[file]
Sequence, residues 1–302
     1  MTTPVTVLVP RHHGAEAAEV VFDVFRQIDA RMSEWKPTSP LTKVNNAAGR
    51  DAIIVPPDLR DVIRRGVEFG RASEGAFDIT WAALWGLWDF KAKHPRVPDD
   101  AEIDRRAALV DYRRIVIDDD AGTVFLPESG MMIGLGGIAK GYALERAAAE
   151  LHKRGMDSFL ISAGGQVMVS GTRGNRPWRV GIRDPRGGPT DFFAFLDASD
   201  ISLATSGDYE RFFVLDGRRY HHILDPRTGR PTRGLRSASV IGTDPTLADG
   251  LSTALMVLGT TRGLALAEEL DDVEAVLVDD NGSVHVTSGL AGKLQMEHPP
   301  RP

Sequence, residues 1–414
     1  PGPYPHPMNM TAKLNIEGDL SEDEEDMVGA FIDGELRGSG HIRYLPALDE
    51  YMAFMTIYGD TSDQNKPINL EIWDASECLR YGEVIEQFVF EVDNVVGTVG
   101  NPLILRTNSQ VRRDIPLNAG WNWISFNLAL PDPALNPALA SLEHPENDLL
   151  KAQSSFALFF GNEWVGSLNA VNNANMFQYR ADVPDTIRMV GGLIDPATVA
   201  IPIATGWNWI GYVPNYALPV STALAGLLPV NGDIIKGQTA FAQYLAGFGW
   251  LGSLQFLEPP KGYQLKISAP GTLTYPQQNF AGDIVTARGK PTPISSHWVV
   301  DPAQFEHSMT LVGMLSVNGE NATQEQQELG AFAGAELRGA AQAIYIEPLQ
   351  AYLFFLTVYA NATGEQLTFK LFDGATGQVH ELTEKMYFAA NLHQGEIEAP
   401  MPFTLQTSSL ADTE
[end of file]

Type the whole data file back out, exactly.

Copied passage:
Sequence, residues 1–302
     1  MTTPVTVLVP RHHGAEAAEV VFDVFRQIDA RMSEWKPTSP LTKVNNAAGR
    51  DAIIVPPDLR DVIRRGVEFG RASEGAFDIT WAALWGLWDF KAKHPRVPDD
   101  AEIDRRAALV DYRRIVIDDD AGTVFLPESG MMIGLGGIAK GYALERAAAE
   151  LHKRGMDSFL ISAGGQVMVS GTRGNRPWRV GIRDPRGGPT DFFAFLDASD
   201  ISLATSGDYE RFFVLDGRRY HHILDPRTGR PTRGLRSASV IGTDPTLADG
   251  LSTALMVLGT TRGLALAEEL DDVEAVLVDD NGSVHVTSGL AGKLQMEHPP
   301  RP

Sequence, residues 1–414
     1  PGPYPHPMNM TAKLNIEGDL SEDEEDMVGA FIDGELRGSG HIRYLPALDE
    51  YMAFMTIYGD TSDQNKPINL EIWDASECLR YGEVIEQFVF EVDNVVGTVG
   101  NPLILRTNSQ VRRDIPLNAG WNWISFNLAL PDPALNPALA SLEHPENDLL
   151  KAQSSFALFF GNEWVGSLNA VNNANMFQYR ADVPDTIRMV GGLIDPATVA
   201  IPIATGWNWI GYVPNYALPV STALAGLLPV NGDIIKGQTA FAQYLAGFGW
   251  LGSLQFLEPP KGYQLKISAP GTLTYPQQNF AGDIVTARGK PTPISSHWVV
   301  DPAQFEHSMT LVGMLSVNGE NATQEQQELG AFAGAELRGA AQAIYIEPLQ
   351  AYLFFLTVYA NATGEQLTFK LFDGATGQVH ELTEKMYFAA NLHQGEIEAP
   401  MPFTLQTSSL ADTE